Private placements are becoming increasingly popular with many high-net-worth investors, and for several good reasons:
- With recent spikes in market volatility and concerns that we may be nearing the end of a long-running bull market, private placements can provide important diversification in a portfolio with investments that aren’t necessarily correlated to the stock market
- Preservation of wealth is always front-of-mind for investors who have business-owned real estate, and certain private placements like Reg. D 1031 exchanges can provide important tax-deferral benefits for these individuals and their heirs
What is a private placement?
A private placement is an offering of unregistered securities to a limited pool of investors. In a private placement, a company sells shares of stock in the company or other interest in the company, such as warrants or bonds, in exchange for cash.
Private placements are regulated by a series of U.S. Securities and Exchange Commission rules known as Regulation D, or Reg D. Under Reg D, companies can issue varying amounts of securities based on the type of investor they are selling them to—accredited or non-accredited investors—without registering those securities with the SEC.
Who is an accredited investor?
Again, according to FINRA’s definition:
An accredited investor is a person—or a married couple—with a net worth of at least $1 million (excluding the value of the primary residence), or an individual that earned an income of at least $200,000, or more than a combined $300,000, in the case of married couples, for each of the last two years, and reasonably expects the same for the current year.
If you meet these requirements and are interested in taking a closer look at private placements, there are several things you’ll want to consider in determining if a specific investment is right for you. We call these the ABC’s of private placement research:
Ask your financial professional:
- What information he has reviewed regarding the issuing company and the specific private placement being considered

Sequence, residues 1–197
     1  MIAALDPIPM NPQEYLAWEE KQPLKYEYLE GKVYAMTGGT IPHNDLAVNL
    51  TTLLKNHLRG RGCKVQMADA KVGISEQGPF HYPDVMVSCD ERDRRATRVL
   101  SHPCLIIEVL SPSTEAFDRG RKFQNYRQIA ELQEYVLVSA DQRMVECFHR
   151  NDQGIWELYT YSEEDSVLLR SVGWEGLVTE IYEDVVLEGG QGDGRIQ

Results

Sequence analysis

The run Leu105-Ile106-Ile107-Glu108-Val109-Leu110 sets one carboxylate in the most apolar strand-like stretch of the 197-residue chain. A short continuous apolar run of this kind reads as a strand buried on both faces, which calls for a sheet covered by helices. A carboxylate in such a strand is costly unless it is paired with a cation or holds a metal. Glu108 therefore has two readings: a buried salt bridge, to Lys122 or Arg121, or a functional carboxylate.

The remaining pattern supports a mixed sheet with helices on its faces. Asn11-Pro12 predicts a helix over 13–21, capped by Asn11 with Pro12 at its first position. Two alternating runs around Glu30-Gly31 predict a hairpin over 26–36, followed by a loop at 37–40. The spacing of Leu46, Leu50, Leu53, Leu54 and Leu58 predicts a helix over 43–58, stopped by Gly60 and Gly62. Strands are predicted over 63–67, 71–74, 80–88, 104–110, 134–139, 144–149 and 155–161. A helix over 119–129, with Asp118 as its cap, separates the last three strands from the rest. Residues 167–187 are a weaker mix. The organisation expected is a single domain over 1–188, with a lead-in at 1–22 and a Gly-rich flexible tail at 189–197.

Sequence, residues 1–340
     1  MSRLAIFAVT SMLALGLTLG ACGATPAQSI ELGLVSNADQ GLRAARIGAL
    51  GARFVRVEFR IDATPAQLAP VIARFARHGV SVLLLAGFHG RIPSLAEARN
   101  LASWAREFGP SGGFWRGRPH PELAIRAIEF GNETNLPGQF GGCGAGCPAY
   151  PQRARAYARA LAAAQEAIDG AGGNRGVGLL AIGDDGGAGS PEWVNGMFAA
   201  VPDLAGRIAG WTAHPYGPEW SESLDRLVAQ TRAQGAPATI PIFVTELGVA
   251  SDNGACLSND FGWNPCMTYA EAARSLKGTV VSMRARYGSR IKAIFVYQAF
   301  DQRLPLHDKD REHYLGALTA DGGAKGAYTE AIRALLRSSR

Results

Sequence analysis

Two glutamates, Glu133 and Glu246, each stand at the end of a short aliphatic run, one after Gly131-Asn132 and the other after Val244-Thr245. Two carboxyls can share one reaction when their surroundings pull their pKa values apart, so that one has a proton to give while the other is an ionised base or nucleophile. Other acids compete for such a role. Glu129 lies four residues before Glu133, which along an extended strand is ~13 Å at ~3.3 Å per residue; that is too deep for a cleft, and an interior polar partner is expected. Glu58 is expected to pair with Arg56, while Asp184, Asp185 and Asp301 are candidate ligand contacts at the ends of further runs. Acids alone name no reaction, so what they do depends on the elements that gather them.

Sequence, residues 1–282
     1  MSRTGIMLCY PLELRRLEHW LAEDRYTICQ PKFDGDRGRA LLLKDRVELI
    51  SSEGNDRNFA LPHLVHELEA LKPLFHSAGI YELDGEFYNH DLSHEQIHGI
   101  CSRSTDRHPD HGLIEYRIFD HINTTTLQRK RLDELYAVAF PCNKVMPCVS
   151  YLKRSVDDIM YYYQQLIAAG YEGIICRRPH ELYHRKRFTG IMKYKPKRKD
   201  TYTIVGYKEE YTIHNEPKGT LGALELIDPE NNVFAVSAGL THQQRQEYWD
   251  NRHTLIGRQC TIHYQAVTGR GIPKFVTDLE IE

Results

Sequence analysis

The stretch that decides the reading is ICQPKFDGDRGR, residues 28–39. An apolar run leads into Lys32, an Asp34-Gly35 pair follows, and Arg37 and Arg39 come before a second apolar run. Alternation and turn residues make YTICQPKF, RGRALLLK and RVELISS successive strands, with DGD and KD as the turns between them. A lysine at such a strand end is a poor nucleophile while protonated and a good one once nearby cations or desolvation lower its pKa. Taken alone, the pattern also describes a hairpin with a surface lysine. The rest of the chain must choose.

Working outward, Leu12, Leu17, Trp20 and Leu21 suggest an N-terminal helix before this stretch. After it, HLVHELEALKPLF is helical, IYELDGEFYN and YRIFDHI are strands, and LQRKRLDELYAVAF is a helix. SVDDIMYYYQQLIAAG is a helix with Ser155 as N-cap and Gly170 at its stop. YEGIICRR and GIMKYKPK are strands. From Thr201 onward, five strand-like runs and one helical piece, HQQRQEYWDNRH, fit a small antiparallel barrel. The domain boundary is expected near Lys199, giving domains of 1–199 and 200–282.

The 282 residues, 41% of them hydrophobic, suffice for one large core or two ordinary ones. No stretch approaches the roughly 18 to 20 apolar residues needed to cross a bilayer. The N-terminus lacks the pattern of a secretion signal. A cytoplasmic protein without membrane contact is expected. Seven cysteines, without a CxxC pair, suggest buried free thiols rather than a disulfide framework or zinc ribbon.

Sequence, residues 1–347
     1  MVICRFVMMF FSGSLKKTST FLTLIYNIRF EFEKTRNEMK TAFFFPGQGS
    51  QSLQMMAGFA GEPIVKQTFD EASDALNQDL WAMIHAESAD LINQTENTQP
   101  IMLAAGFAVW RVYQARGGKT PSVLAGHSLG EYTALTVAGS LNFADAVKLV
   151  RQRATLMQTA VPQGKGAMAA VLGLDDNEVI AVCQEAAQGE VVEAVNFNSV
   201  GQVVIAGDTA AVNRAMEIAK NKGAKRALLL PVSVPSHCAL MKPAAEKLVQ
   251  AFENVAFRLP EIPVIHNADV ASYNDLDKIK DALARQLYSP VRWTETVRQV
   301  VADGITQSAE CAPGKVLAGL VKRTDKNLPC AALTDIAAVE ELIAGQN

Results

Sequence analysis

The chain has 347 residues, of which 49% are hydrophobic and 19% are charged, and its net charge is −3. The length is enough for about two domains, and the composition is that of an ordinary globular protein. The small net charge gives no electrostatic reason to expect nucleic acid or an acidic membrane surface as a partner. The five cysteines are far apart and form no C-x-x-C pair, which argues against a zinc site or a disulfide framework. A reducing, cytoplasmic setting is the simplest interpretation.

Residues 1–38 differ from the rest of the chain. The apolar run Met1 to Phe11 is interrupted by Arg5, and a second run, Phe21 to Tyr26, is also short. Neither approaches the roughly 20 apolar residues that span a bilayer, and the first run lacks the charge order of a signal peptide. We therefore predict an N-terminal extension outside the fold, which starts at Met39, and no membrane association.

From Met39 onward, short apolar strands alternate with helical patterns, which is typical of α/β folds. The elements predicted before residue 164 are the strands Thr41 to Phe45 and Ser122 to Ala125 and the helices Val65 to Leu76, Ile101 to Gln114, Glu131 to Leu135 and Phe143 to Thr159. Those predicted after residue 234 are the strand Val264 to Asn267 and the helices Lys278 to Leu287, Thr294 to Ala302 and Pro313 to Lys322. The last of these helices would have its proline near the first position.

- If he has a comprehensive understanding of all the risk factors that should be considered such as financial strength and history of the issuer, competitive landscape, use of leverage and any other economic issue that could influence risk
- How this investment aligns with your existing portfolio and why its addition might prove to be beneficial to your overall financial plan
- Any inconsistencies between what you have read in the private placement memorandum and other offering documents, and what you may be hearing from your investment professional
- Private placement offerings you hear about through suspect emails or cold calling. From our experience, these are often fraudulent. All legitimate investment professionals are required to be properly licensed with governing bodies like FINRA, the SEC and state securities regulators, depending on the type of business the firm is engaged with
- The offering documents and all related sales material to make sure they are understandable, detailed and balanced. If you don’t understand something, consult with your investment professional
- Form D of the issuing company (if available on the SEC’s EDGAR database) which provides information on the company’s executives, their experience and other relevant information
- The distribution source and schedule for real state private placements (like 1031 Exchanges and Delaware Statutory Trusts) to understand if the issuing company’s income can cover projected distributions or if potential distributions will be made from proceeds of sales or additional shares offered
If you follow these general guidelines when evaluating private placements, we believe you will be much better equipped to make an informed decision on the investment that is best suited to your financial goals and objectives.
As mentioned earlier, there are numerous reasons why private placements continue to experience a high degree of investor interest. Do your homework and you might just find a private placement has a home in your portfolio.
This is for informational purposed only and does not constitute an offer to buy or sell any securitized real estate investments.There are risks associated with investing in Delaware Statutory Trust (DST) and real estate investment properties including, but not limited to, loss of entire principal, declining market value, tenant vacancies and illiquidity. Diversification does not guarantee profits or guarantee protection against losses. Potential cash flows/returns/appreciation are not guaranteed and could be lower than anticipated. Because investors situations and objectives vary this information is not intended to indicate suitability for any particular investor. This information is not meant to be interpreted as tax or legal advice. Please speak with your legal and tax advisors for guidance regarding your particular situation.
Securities offered through Concorde Investment Services, LLC (CIS), member FINRA/SIPC. Advisory services offered through Concorde Asset Management, LLC (CAM), an SEC registered investment adviser. Insurance products offered through Concorde Insurance Agency, Inc. (CIA). Fortitude Investment Group, LLC is independent of CIS, CAM and CIA.